Anthony Capua, Executive Chef of Sycamore Hills GC, challenges club chefs to reexamine their operations and find ways to increase the culinary team’s interaction with members.
I had two goals when I took my first Executive Chef position with Sycamore Hills Golf Club in Fort Wayne, Indiana. The first was to take what was always hailed as a “from-scatch” culinary program and turn it into a true “from-scratch” culinary program.
The second goal was to develop a relationship between our back-of-the-house culinary team and our membership.
The days of chefs hiding behind the kitchen walls are over—and for a good reason. We live in an era where chefs have become personal heroes for some and rock stars for others. Our club members desire a relationship and face time with their chef, just as they desire that same relationship with their golf professional.
Food and culinary experiences are experience-based. Part of that experience is interacting with and getting to know the person planning and executing the meal.
We have many ways we try to accomplish this here at Sycamore Hills. The first, and in my opinion, the most critical, are table touches. I remember in the interview process explaining to the General Manager my philosophy of getting out into the dining rooms after service and touching each table. Later, he admitted that he didn’t 100% believe that I actually “liked” going into the dining rooms. I very quickly proved him wrong.
The only way to gauge how our culinary program is doing is to be front and center with our membership. This provides us both positive and negative feedback about the culinary experience. 95% of the time it’s positive feedback—and I know that we all love to receive those types of comments. I really want to hear about the negative feedback, too, when heading into the dining rooms even if it’s not as much fun and gratifying to receive.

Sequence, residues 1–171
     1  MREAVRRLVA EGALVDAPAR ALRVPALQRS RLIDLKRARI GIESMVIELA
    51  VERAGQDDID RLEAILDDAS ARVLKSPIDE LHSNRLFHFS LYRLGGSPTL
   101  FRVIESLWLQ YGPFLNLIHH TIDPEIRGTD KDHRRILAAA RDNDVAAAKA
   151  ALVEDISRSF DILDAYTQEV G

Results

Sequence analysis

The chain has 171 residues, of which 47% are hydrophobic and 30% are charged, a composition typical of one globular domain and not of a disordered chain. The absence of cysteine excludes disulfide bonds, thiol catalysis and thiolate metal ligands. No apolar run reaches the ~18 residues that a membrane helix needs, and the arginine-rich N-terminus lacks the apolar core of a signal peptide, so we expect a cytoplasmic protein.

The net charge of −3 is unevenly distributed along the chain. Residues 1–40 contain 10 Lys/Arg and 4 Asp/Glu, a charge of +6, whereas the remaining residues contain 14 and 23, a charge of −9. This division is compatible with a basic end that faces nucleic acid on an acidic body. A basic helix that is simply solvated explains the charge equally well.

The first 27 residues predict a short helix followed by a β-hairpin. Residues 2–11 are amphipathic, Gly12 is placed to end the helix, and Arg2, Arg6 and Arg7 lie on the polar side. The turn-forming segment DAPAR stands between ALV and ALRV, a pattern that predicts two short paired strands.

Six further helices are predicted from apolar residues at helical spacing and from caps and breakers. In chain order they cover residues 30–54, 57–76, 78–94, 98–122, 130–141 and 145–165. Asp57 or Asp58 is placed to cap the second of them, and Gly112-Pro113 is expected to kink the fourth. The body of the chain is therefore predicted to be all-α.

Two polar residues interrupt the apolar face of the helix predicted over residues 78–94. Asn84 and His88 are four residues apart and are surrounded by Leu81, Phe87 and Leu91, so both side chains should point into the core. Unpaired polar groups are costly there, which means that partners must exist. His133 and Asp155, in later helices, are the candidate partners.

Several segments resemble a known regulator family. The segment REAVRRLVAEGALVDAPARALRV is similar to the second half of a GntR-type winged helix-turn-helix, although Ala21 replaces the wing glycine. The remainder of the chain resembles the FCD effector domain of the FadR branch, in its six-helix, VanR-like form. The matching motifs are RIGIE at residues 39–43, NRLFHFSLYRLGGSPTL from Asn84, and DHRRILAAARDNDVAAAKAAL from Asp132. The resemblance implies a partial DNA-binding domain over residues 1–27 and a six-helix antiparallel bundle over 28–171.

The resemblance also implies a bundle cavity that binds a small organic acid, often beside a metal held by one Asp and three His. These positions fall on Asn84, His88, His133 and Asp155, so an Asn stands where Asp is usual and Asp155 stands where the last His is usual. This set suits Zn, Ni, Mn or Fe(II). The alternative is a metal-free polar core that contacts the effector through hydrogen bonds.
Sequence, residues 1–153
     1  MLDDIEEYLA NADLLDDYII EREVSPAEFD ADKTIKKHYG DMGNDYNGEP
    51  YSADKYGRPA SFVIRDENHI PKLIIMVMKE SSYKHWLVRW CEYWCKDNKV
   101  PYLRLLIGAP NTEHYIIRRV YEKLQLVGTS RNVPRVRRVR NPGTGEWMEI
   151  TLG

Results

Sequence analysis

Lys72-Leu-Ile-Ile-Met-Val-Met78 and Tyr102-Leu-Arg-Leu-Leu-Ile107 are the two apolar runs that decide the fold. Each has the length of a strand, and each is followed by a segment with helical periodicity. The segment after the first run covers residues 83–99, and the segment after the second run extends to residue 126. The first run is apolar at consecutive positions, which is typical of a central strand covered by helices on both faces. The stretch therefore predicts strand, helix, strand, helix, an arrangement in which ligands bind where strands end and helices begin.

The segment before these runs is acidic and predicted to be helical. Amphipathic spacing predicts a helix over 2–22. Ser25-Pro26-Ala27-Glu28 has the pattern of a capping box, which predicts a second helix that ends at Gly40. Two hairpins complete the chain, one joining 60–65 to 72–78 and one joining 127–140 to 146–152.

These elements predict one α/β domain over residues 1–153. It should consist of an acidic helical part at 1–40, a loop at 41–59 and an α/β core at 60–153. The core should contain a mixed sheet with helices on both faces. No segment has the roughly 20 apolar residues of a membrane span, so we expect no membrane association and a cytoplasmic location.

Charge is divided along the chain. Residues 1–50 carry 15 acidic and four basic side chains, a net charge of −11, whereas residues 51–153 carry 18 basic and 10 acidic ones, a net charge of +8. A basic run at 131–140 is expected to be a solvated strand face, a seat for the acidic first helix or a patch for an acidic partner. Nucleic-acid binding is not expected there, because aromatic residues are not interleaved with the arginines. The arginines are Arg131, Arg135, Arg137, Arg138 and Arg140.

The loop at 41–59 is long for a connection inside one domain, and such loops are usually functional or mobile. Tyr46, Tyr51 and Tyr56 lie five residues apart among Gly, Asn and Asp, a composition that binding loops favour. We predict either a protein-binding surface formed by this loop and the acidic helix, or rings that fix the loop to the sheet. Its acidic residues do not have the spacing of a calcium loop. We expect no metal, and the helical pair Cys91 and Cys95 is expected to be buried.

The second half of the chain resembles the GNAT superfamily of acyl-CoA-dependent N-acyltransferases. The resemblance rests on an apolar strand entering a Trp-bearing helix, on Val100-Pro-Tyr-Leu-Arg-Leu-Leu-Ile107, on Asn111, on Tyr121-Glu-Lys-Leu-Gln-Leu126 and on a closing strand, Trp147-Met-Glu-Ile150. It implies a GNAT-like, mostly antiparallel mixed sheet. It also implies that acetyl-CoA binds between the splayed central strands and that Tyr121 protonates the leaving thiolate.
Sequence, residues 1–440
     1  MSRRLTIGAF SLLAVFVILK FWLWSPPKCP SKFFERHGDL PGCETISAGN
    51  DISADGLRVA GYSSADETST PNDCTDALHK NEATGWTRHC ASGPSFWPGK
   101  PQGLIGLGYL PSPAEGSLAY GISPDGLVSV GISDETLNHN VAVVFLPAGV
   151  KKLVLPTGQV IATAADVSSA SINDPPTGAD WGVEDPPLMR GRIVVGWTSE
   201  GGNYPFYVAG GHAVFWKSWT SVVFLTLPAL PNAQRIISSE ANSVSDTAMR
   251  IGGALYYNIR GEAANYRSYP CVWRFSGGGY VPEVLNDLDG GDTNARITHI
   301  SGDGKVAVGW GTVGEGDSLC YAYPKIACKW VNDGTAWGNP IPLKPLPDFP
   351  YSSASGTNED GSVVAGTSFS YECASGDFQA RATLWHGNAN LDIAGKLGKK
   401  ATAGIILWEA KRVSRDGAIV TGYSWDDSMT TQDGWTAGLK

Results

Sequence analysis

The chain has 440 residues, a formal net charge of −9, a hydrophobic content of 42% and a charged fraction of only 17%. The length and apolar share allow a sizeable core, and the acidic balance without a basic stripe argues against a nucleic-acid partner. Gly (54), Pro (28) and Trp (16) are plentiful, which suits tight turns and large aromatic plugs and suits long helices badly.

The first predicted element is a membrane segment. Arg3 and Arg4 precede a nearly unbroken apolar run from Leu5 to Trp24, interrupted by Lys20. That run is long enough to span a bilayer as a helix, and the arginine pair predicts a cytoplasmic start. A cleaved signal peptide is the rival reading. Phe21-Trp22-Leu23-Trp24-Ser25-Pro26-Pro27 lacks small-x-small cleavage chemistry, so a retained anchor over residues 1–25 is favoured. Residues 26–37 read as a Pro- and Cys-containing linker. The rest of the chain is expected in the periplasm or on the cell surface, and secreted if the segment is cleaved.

If I hid in the kitchen, that the negative, or “opportunity feedback” as I like to call it, would never make its way back behind those walls. Knowing and understanding opportunity feedback allows me to improve and personalize the culinary experience for as many members as possible. It also gives them confidence that if they did have a negative experience, the Executive Chef recognizes the issue and will do everything possible to make sure it doesn’t happen again.
Touching tables also gives me a window into future a la carte menu ideas. Because I moved to a new part of the country in 2020, I need to identify the culinary desires of our membership. Table touches and hearing what our membership loves and doesn’t love helps me design menus to enhance the culinary experience at Sycamore Hills.
Our next culinary/membership relationship-building focus has been on our banquet operations. As a leadership team, we brainstorm how we can get more facetime between our culinarians and membership when it came to non a la carte functions. Like many of you, we wanted to get away from throwing a few chafers on a skirted table with the standard vegetable, potato, and protein. Our goal is to create live experiences with culinarians behind those tables, where the members can see what they are doing and interact with them in real time.
I remember our first big action station for our National Pro-Scratch tournament. My Executive Sous Chef, Mike Trabel, did a fantastic job leading the charge with this event when he designed a liquid nitrogen ice-cream station utilizing both nitrogen and an anti-griddle. There was a crowd at the dessert station all night long watching Mike make ice cream right in front of them. That really got us thinking about how we could further expand upon interactive food stations instead of the traditional chafer line.